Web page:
The Association of British Insurers and the Government signed a declaration of intent in January 2014, committing both sides to boosting the role of advice and helping the insurance industry offer a wider range of long-term care products.

A year later, some of the UK’s largest insurers flagged a lack of demand and said regulatory uncertainty was dampening any appetite to develop products.

Standard Life head of pensions strategy Jamie Jenkins says: “Long-term care insurance is difficult to sell to a 25-year-old and most providers didn’t believe there was much of a market for it. We need to find a way of funding it through savings rather than insurance.”

Lamb says the Government was aware the industry may not have had products available for April 2016 but maintains progress was being made by some providers. He says axing the cap now risks that work being lost.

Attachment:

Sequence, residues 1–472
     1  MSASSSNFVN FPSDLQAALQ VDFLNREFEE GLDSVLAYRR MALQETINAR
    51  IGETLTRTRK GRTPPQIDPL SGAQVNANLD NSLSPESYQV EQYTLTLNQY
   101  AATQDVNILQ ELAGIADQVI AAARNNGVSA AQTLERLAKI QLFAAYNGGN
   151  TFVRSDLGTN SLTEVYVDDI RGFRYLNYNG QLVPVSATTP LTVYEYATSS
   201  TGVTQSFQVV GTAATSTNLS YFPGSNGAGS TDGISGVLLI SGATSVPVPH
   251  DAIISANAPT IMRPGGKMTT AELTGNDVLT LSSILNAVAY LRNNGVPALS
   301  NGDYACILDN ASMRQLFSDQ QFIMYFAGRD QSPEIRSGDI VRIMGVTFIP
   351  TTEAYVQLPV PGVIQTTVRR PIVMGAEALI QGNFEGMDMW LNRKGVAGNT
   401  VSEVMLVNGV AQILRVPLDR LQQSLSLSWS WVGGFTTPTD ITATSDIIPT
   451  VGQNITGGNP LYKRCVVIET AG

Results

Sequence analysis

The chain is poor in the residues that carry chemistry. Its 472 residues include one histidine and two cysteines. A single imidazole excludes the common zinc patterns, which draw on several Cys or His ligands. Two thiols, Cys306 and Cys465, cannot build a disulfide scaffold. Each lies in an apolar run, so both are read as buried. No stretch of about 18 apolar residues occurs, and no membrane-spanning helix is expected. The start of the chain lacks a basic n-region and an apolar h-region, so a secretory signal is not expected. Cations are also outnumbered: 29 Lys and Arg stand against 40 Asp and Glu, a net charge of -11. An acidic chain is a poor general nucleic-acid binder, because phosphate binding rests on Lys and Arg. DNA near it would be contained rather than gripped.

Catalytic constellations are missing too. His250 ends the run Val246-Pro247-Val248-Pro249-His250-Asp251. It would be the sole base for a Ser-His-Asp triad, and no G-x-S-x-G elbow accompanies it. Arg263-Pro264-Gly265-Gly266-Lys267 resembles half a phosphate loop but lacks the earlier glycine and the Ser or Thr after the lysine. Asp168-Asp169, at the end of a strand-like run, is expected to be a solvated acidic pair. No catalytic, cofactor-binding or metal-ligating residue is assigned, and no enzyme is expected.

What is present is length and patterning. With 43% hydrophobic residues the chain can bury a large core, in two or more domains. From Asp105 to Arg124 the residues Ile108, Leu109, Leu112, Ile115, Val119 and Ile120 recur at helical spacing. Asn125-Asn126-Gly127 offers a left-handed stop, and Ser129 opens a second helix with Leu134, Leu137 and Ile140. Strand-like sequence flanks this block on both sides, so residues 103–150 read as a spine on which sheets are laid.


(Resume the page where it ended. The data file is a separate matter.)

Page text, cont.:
“The cap had merit in its own right, irrespective of whether the insurance market signed up to offer products to complement it,” he says.

“I readily recognise we weren’t going to have the perfect insurance market from day one and I also understand this is an industry that needs to make sure it has a market for it to protect. It is not going to do this purely out of altruism.

“But many firms were working on adaptations of products, like pension schemes that would allow you to ring fence a sum of retirement savings with a view to helping to meet your needs.

“I fear that work will now be put on hold, and many firms might conclude it is not worth doing anyway.

“What the industry absolutely needs is certainty and as soon as something like this happens, they will just be drawing their own conclusions about whether or not this is ever going to happen.”